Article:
Nobody captures this better than my favourite NYTimes columnist, Nicholas Kristof. He says “Lots of voters had a mental paradigm of a president as a man, and for them it was easier to see Trump as presidential than Clinton”. But there is more to this. Americans could be fool as everyone else can, however their preference of Trump over Clinton could be aligned to what has happened in their neighbouring countries of Brazil and Argentina. In both, female presidents were recently ousted, and with the popular and executive supports. Again, Angela Markel of Germany has not been faring well. Her chancellorship is, in fact, soon coming to an end and in a humbled way. She is daily becoming more unpopular for her sympathy towards immigrants.
For long, there is a political commentator (or is he a religious scholar? I cannot recall exactly) who, in a lecture, expressed a strong opinion on gender politics and sexuality from global perspective. According to him, the Corporation and the Establishment of the US would not allow a woman to lead the country, at least not in our lifetime. I outright disagreed with him then. It is now I see what he saw years back. I personally do not consider women less human beings, but I am also of the opinion that certain jobs are better carried out by men. Women – and they too know – have more frailties than men.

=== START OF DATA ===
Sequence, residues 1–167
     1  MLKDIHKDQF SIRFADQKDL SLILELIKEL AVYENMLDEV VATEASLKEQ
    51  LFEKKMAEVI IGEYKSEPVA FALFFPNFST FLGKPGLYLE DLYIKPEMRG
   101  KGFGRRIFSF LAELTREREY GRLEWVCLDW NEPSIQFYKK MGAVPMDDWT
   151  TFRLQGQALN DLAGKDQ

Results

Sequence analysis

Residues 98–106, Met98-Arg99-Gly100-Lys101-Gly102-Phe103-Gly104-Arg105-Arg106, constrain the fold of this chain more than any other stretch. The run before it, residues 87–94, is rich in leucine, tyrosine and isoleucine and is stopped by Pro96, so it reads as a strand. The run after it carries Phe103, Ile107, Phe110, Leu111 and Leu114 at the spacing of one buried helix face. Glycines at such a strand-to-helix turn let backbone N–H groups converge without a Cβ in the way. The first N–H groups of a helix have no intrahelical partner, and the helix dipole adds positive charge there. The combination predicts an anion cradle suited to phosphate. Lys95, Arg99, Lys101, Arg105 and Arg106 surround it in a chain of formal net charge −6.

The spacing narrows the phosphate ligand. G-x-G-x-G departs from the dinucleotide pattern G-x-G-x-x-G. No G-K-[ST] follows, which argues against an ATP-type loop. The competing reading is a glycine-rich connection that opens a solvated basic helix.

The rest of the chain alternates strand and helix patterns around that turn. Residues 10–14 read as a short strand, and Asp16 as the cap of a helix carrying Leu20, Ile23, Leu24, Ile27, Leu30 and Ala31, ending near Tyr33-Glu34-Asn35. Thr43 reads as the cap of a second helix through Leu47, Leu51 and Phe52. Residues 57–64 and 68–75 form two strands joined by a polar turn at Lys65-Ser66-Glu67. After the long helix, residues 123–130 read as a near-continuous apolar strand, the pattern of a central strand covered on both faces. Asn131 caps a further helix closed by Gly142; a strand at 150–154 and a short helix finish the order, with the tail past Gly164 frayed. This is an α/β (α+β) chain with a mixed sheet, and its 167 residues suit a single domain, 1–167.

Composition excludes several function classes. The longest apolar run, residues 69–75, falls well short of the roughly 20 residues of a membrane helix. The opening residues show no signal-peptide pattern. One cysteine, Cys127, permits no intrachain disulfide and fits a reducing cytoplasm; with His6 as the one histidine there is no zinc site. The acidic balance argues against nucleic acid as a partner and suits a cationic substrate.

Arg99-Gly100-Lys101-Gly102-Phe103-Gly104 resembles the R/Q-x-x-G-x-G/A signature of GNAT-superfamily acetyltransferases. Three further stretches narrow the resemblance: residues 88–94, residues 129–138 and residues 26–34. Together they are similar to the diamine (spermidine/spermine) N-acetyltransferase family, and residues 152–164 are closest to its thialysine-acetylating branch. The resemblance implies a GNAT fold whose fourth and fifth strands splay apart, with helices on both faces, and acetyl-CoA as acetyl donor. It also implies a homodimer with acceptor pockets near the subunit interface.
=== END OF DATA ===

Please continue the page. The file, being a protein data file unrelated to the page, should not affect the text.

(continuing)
Swimming against the Current
The world is a dynamic place. We are today in an era where people swim against the current more often than ever before. There are more than several examples to cite. For instance, in Nigeria, Engr. Rabiu Musa Kwankwaso did that in 2011 and won the governorship election of Kano state, defeating the anointed candidate of the then highly popular governor, Malam Ibrahim Shekarau. Many political commentators and analysts thought that Engr. Kwankwaso would not even get his party’s ticket to contest. The current Indian Prime Minister, Narendra Modi did the same by challenging the dynasty that ruled the country for decades, though he is from what Indians would call a “low” or a “middle” class family. Trump, with no background in politics whatsoever, now tried his luck and hit the jackpot. The similitude between him and Kwankwaso and Mr. Modi is so unmistakable.